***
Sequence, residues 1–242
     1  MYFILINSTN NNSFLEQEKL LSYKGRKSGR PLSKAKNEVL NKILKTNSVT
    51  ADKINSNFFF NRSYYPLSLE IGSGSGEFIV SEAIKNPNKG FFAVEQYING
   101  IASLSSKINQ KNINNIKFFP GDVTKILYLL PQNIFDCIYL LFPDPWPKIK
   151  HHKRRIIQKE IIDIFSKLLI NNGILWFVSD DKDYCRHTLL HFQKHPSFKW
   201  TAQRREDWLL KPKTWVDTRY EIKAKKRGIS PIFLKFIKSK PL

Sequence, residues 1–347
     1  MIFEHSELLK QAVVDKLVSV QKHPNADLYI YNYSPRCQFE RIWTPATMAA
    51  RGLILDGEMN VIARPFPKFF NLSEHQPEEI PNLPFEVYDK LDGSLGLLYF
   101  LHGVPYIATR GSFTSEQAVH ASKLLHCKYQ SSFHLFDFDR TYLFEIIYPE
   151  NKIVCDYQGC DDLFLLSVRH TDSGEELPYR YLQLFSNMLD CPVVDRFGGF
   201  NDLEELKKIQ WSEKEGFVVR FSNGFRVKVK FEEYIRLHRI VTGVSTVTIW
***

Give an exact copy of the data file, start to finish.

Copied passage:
Sequence, residues 1–242
     1  MYFILINSTN NNSFLEQEKL LSYKGRKSGR PLSKAKNEVL NKILKTNSVT
    51  ADKINSNFFF NRSYYPLSLE IGSGSGEFIV SEAIKNPNKG FFAVEQYING
   101  IASLSSKINQ KNINNIKFFP GDVTKILYLL PQNIFDCIYL LFPDPWPKIK
   151  HHKRRIIQKE IIDIFSKLLI NNGILWFVSD DKDYCRHTLL HFQKHPSFKW
   201  TAQRREDWLL KPKTWVDTRY EIKAKKRGIS PIFLKFIKSK PL

Sequence, residues 1–347
     1  MIFEHSELLK QAVVDKLVSV QKHPNADLYI YNYSPRCQFE RIWTPATMAA
    51  RGLILDGEMN VIARPFPKFF NLSEHQPEEI PNLPFEVYDK LDGSLGLLYF
   101  LHGVPYIATR GSFTSEQAVH ASKLLHCKYQ SSFHLFDFDR TYLFEIIYPE
   151  NKIVCDYQGC DDLFLLSVRH TDSGEELPYR YLQLFSNMLD CPVVDRFGGF
   201  NDLEELKKIQ WSEKEGFVVR FSNGFRVKVK FEEYIRLHRI VTGVSTVTIW